Associate Specialist-Technology/Software Developer Synechron, Inc. Jan 08, 2016 $81,000
Associate Specialist University of California, Berkeley Jul 01, 2015 $61,568
Associate Specialist University of California, Berkeley Jan 07, 2015 $61,568
Associate Specialist Step III University of California, Berkeley Nov 25, 2015 $61,277
Associate Specialist University of California at Santa Barbara Aug 01, 2015 $61,224
Associate Specialist University of California at Santa Barbara Aug 11, 2015 $61,224
Associate Specialist University of California, Irvine Jan 10, 2016 $60,924
Associate Specialist University of California, Berkeley Jan 06, 2016 $60,924
Associate Specialist Step III University of California, Berkeley Nov 05, 2016 $60,924

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Top Skills for An Associate Specialist

  1. Customer Service
  2. Phone Calls
  3. Financial Statements
You can check out examples of real life uses of top skills on resumes here:
  • Provide exceptional customer service to both internal and external customers.-Customer Services Specialist
  • Take inbound phone calls for Federal Student Aid Information Center.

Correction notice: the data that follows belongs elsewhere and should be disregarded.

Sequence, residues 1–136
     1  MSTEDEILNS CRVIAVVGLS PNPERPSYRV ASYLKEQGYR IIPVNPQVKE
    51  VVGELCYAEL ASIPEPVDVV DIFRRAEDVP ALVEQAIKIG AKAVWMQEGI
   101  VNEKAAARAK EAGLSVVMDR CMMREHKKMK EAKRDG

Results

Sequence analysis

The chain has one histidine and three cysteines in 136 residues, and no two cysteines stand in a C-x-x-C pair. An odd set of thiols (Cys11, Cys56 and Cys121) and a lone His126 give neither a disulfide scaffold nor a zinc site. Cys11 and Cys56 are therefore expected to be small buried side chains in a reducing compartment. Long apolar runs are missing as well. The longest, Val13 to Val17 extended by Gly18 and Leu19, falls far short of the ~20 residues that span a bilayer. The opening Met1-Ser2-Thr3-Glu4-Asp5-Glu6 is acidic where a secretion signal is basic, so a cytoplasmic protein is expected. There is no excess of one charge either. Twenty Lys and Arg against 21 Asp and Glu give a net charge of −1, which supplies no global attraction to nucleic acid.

• Analyzed middle market corporate financial statements.
  • Assist potential Medicare beneficiaries inquiring about Medicare coverage and how to apply.
  • Processed registry participant enrollments, created and monitored participant invoices, data entry, filing and drafted correspondence.

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Average Salary:

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Top 10 Best States for Associate Specialists

  1. Maine
  2. Ohio
  3. Connecticut
  4. Michigan
  5. New York
  6. Delaware
  7. Illinois
  8. New Jersey
  9. Tennessee
  10. Minnesota
  • (461 jobs)
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  • (1,315 jobs)
  • (3,223 jobs)
  • (5,033 jobs)
  • (396 jobs)
  • (4,043 jobs)
  • (3,400 jobs)
  • (1,887 jobs)
  • (2,063 jobs)

Associate Specialist Demographics

Gender

Female

54.2%

Male

37.3%

Unknown